Review of OwnershipCosts and Modifications

 



Repairs, Upgrades, Results


I purchased the RS6 about 4 years ago. This Mugello Blue example had about 87,000 miles. Factory options included the Warm Weather package, top/side airbags, black leather seating, Carbon dash inserts, and SE exhaust. The only aftermarket modification at this point was the Revo ECU tune. The timing belt had been done recently, and the car was exremely clean inside and out.

The Torque Converter became the first repair for me, and it was time for some major work. I can't stress enought how important it is to know a good independant mechanic or be able to turn wrenches on your own. The engine was pulled and a new TC put in. We also updated a few old leaking gaskets, EGT sensors, O2 sensors, and a few other miscellaneous items. A bit costly coming soon after purchase, but it certainly felt good to have given the car it's needed repairs and it was given a clean bill of health.

After a few months of driving, I decided to upgrade to the MTM Trasmission Control Unit for better shifting. This is an excellent and low cost upgrade offered by MTM and Viper UK. Shifting performance was improved, and it gave the car slightly sportier feel. The shift points in Drive are lifted a few hundred RPMs, the kickdown switch (a button below the gas pedal that when hit will shift down a gear for maximum acceleration) is eliminated in Tip, and shift time between gears in all three shift modes is tightened up. Total cost was around $300, not bad.



Over the next year or so all was mostly well. At some point the Auxiliary Radiators began to leak coolant and were removed. They were heavily corroded as the car had spent its first 6 years in Ohio where the roads are salted during winter. On second thought I probably would have left them in place as it's nice to have that extra cooling during the summer, or all year round if you live in warm climate. I've still never had an issue with cooling, but everything run so hot in general, the more cooling the better.

At some point my steering rack developed a nasty leak and had to be removed. This turned out to be a laborious experience where we upgraded and restored multiple items. The exhaust manifolds and exhaust down pipes were sent off for Ceramic Coating; done to keep heat in and not exposing the engine and transmission. We also rebuild the turbos using Scroll in New Jersey. The original turbos were in surprisingly good shape for 95,000 miles, and had just a bit of shaft play. The new turbos have back shiny and new, with an increased impeller shaft oil flow for greater cooling. A note on the steering rack assembly; it can be removed with the engine in, and once you get access to the three main bolts things will go well.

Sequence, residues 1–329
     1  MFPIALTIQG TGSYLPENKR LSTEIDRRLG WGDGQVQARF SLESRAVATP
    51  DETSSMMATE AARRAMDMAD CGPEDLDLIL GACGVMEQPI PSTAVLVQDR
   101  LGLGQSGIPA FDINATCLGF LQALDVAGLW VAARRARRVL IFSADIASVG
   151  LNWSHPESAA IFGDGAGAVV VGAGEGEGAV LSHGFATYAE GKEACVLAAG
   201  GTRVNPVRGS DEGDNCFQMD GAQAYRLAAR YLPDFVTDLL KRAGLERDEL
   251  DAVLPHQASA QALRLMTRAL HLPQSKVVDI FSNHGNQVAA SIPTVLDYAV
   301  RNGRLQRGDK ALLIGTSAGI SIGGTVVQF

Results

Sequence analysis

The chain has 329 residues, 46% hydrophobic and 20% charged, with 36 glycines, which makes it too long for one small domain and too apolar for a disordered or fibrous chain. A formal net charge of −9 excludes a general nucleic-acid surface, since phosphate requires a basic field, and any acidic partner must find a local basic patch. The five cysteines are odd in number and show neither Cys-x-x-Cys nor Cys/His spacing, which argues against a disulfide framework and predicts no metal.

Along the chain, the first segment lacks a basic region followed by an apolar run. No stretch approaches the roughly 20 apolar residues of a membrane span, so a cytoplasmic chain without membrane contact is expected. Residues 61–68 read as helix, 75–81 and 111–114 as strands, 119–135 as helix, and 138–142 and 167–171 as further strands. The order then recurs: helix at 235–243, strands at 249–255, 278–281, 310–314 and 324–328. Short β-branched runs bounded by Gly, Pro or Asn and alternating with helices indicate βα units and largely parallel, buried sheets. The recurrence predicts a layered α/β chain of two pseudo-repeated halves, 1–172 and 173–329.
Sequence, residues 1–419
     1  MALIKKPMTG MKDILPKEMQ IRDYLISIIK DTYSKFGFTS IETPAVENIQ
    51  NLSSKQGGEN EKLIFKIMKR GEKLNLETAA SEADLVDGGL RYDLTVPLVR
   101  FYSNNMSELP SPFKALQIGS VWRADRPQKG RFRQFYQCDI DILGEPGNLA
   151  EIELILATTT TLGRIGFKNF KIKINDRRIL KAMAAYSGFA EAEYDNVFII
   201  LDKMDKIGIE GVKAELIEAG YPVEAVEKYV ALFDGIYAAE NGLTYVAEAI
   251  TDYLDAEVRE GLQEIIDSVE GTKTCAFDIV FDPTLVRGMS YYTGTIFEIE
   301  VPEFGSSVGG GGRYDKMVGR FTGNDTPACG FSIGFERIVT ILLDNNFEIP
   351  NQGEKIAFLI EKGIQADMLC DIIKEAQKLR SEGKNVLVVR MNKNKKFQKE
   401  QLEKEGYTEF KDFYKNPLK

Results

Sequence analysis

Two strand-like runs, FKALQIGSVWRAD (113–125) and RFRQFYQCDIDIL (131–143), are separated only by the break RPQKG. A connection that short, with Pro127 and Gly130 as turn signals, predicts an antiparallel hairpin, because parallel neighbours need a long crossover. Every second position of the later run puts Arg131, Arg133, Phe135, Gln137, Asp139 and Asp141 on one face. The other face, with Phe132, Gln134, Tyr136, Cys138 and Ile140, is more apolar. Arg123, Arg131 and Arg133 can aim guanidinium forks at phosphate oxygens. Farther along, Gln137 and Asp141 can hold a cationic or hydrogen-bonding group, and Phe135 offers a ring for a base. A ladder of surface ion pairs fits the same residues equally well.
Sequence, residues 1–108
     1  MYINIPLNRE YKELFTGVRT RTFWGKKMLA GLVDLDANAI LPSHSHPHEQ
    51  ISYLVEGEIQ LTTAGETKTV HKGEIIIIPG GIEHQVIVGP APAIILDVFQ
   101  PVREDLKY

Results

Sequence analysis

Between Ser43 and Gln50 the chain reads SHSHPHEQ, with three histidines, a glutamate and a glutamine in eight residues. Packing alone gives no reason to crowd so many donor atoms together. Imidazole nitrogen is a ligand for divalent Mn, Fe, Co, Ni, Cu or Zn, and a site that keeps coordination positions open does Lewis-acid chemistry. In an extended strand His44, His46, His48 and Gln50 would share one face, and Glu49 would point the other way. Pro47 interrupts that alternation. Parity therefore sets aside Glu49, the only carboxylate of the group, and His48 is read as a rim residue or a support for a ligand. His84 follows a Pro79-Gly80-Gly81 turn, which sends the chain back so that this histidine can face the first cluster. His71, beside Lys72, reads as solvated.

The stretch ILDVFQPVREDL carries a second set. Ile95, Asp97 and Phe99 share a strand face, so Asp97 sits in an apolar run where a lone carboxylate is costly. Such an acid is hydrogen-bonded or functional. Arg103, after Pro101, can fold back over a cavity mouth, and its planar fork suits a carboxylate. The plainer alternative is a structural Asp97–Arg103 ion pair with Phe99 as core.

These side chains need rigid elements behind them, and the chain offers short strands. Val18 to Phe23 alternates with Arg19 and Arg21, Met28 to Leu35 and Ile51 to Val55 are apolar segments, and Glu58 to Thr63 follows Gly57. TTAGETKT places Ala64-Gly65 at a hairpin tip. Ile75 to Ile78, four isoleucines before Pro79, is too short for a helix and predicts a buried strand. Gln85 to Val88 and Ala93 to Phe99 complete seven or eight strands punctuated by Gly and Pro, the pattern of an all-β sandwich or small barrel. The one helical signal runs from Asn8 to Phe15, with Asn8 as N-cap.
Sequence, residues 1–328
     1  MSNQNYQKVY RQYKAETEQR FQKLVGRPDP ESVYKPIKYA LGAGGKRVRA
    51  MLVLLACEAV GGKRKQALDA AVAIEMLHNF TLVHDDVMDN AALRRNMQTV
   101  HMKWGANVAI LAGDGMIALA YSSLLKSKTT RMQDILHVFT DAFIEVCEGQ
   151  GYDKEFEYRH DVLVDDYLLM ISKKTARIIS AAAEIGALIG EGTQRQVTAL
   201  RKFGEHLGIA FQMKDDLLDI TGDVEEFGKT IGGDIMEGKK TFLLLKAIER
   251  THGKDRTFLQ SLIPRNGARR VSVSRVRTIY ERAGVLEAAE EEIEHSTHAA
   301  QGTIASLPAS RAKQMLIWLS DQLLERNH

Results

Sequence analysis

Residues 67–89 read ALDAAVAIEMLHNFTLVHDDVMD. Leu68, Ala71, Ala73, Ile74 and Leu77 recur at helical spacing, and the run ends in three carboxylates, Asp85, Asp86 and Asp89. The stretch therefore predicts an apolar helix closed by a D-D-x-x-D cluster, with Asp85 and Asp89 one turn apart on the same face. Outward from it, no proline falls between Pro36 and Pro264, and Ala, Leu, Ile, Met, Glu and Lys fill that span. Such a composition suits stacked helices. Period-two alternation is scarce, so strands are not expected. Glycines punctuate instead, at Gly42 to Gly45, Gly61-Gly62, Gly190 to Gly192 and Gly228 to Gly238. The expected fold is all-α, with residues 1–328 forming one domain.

The Revo ECU tune had alwasy been a bit rough and jumpy at times, and was next on my list of improvements. Using the VCDS software and cable from Ross-Tech I began to log data and discover what was going on with the ECU tune. The logs clearly showed a lean fuel condition under full boost. Too much boost was being applied, and there was not enough fuel or cool air to make the correct detonation, causing the computer to pull timing and eventually cut and re-apply boost in rapid succession. Not only did this hurt acceleration, but it gave a bit of a bumpy feeling along the way. Knowing that fuel was the main isssue, I searched and tried multiple programs for a fix that could adjust the fuel while leaving the existing Revo tune in place. Eventually I found the Unitronic ME7 software, and through careful logging of data and adjustments got the engine running smooth and powerful.



The Dynamic Ride Control dampening system had never felt right on my car, and was the next trip to the mechanic. After reading over options I chose to go the most affordable route, which was removing the DRC and installing Koni Yellow Sport struts while retaining the stock springs. Another viable option would have been to obtain the 2nd Generation DRC updates, along with the pressurizing kit, and stick with it. Although a stable system for some, I was concerned about cost and future issues cropping up. The Koni setup has been reliable and performed well for many users including myself. The body height is very level and sits just a bit lower giving the car a slightly more aggressive stance. Besides looking better, the setup improves the center of gravity and weight distribution. Handling is moderately firm and predictable. There was one more piece to complete dialing in the suspension though; Hotchkis sway bars. Putting these on the front and rear (firm setting) greatly reduced body roll during cornering, and remains one of the best upgrades for the cost.

After getting the handling adjusted, I decided to go back and fine tune the power output. One issue with a turbocharged engine in a cramped compartment is heat soak. Basically everything gets so warm under hard driving or high ambient temps that the intercoolers can't cool the air enough, and correct detonation is not achieved, therefore reducing power. One of the best ways to combat this is a kit that sprays Water and Methanol into the combustion chamber. Look at the W/M page for more detail on that. To increase the cooling even more, the Wagner intercoolers were also added. To finish things off upgraded intercooler hoses by Venair were put in. These stay seated better and have almost no chance of popping off under increased boost pressure.

Dedicated to the 2003 Audi C5 RS6

The "RS" initials are taken from the German, RennSport; literally translated as "racing sport".


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AUDI RS6